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2nd Line ART Considerations for Resource-Limited Settings

2nd Line ART Considerations for Resource-Limited Settings

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2nd Line ART Considerations for Resource-Limited Settings

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  1. 2nd Line ART Considerations for Resource-Limited Settings August 2007 Chris Behrens MD I-TECH/University of Washington Distance Learning Clinical Seminar Series

  2. Outline of this Talk • Introductory Case • Definitions • 1st line vs 2nd line regimens • Preferred vs alternate regimens • Treatment failure • Virologic failure • Immunologic failure • Clinical failure • Resistance patterns associated with treatment failure • Implications for 2nd line regimens • Cases

  3. Case • You are working in a resource-limited setting where the number of ARVs available is limited, and resistance testing is not available. • A patient who was started on a HAART regimen of AZT + 3TC + NVP six months ago responded well initially but is now showing clear clinical signs of treatment failure, and admits to poor adherence over the past three months. • CD4 and viral load testing confirm failure of his first regimen. • Drugs available to you: AZT, 3TC, d4T, ddI, NVP, EFV, RTV, IDV, NFV • What would you suggest for his next HAART regimen? • Are there any additional ARVs that you would advise your National AIDS Programme to make available for patients such as this?

  4. Definitions

  5. Some Key Definitions • 1st line regimen: “the initial regimen prescribed for a naïve patient when the patient fulfills national clinical and laboratory criteria to start ART.” • 2nd line regimen: “the next regimen used in sequence immediately after first-line therapy has failed” • Treatment failure: “the loss of antiretroviral efficacy [that] triggers the switch of the entire regimen from first to second line” • Note: single substitutions of ARVs (usually within the same class) for toxicity, drug-drug interactions, or intolerance to not indicate a 2nd line regimen is being used. WHO: Prioritizing Second Line ART within a Public Health Approach, 2007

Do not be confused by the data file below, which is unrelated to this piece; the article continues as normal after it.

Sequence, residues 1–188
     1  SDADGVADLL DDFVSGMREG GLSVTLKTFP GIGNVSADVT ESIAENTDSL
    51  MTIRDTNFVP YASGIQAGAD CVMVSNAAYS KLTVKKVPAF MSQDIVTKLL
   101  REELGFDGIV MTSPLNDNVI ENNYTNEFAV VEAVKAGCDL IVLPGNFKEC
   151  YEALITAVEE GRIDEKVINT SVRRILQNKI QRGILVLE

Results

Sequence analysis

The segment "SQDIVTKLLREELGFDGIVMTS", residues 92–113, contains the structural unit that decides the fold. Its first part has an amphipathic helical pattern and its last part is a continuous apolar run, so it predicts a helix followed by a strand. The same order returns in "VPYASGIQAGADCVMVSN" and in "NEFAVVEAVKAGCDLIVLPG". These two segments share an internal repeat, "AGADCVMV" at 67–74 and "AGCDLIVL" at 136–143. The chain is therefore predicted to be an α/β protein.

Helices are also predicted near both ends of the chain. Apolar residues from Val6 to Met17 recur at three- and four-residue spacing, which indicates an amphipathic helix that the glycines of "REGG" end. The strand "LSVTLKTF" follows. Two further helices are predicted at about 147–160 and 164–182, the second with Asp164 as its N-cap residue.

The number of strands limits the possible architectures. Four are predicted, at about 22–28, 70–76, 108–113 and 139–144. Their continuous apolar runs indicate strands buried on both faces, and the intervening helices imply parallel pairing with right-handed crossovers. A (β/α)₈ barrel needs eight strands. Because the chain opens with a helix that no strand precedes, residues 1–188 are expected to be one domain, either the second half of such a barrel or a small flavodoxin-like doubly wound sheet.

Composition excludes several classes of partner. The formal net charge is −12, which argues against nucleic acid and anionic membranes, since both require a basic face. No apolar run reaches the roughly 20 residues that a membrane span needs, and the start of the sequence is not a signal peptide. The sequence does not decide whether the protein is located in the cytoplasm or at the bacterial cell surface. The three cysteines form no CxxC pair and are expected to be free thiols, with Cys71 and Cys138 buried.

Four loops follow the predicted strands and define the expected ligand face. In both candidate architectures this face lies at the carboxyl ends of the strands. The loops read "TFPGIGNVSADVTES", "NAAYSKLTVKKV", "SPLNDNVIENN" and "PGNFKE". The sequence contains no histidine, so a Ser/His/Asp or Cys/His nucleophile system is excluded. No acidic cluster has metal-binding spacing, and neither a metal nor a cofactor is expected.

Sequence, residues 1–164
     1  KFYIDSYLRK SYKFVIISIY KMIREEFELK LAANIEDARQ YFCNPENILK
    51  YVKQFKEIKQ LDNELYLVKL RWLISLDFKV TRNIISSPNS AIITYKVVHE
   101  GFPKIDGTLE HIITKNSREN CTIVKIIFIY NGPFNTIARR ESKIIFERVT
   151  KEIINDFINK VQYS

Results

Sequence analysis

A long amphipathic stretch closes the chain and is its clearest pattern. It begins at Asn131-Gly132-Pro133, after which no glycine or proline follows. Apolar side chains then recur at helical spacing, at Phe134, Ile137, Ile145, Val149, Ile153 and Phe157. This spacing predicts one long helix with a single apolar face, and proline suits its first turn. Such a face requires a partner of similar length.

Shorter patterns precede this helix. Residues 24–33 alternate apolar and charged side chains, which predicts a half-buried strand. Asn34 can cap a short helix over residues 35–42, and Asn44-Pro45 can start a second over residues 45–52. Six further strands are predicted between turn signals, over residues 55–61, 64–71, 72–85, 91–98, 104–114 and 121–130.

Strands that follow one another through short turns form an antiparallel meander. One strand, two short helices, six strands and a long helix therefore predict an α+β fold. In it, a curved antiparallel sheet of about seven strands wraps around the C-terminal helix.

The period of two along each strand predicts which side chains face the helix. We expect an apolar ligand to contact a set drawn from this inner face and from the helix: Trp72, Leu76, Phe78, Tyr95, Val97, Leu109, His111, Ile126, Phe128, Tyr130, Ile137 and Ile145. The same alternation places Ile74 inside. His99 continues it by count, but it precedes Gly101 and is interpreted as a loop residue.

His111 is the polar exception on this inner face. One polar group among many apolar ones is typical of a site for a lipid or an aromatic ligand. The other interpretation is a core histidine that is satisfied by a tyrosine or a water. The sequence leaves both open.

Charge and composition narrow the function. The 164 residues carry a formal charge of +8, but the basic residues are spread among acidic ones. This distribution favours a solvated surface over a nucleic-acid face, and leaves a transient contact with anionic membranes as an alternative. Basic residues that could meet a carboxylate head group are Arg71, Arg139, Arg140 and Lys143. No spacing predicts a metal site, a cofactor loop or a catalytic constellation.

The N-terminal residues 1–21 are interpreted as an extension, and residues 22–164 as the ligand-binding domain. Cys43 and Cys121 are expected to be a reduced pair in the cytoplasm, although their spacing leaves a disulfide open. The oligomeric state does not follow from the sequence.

6. Key Definitions, continued • Preferred Regimen: a first- or second-line regimen that is preferred per national/regional guidelines on the basis of efficacy, tolerability, cost, etc. • Example preferred first-line regimen: AZT + 3TC + EFV • Alternate Regimen: a first- or second-line regimen that can be reasonably used instead of the preferred regimen if deemed necessary by the prescribing clinician (e.g., due to considerations of toxicity; drug availability; convenience of dosing; co-morbid illnesses; etc.) • Example Alternate first-line regimen: AZT + 3TC + NFV

  7. Key Definitions, continued • Treatment Failure: • “loss of antiretroviral (ARV) efficacy, prompting a switch of the entire regimen from first- to second-line.” - WHO, 2007 • “absence of a sustained favourable response to antiretroviral therapy” - 2007 Caribbean Guidelines • How do we recognize Treatment Failure? • Clinical Failure • Immunologic Failure • Virologic Failure

  8. Detecting Treatment Failure 2007 Caribbean HIV Treatment Guidelines, p. 28

  9. Antiretroviral Therapy for HIV Infection in Adults and Adolescents in Resource-Limited Settings (WHO, 2006)

  10. Time-Sensitivity of different failure definitions for detecting Tx Failure Viral Load Clinical Status CD4 Count Time Tx Failure Immunologic detection Clinical detection Virologic detection

  11. Why is it helpful to diagnose Tx Failure as soon as possible? Evolution of ART resistance is time-sensitive!

  12. HIV develops resistance to different ARVs at different rates • In the setting of treatment failure, HIV evolves resistance rapidly (within weeks) to: • 3TC or FTC • EFV or NVP • However, resistance evolves more slowly (weeks to months) to: • AZT, d4T, TDF, ABC, or ddI • Protease inhibitors

  13. Implications for 2nd line regimens • Common first line regimens in Caribbean, Africa, India: • AZT + 3TC + EFV • AZT + 3TC + NVP • d4T + 3TC + EFV • d4T + 3TC + NVP • In the setting of 1st line treatment failure: • Resistance will develop rapidly (weeks) to 3TC, EFV, and NVP • Resistance will develop more gradually (months) to AZT and d4T

  14. Implications for 2nd line regimens, continued • If treatment failure is detected early: • 3TC and the NNRTI (NVP/EFV) are lost; but • Other NRTIs (AZT, d4T, TDF, ABC, ddI) likely retain partial, if not full, activity • Efficacy of 2nd line regimen using PI + 2 or more NRTIs highly likely • If treatment failure is detected late: • 3TC and NVP/EFV are lost; • Other NRTIs more likely to be lost as well due to serial accumulation of resistance mutations to (AZT or d4T) which confer cross-resistance to other NRTIs as well • Efficacy of 2nd line regimen using PI + 2 or more NRTIs less likely Hence, periodic virologic screening of patients on HAART may better preserve 2nd line regimen options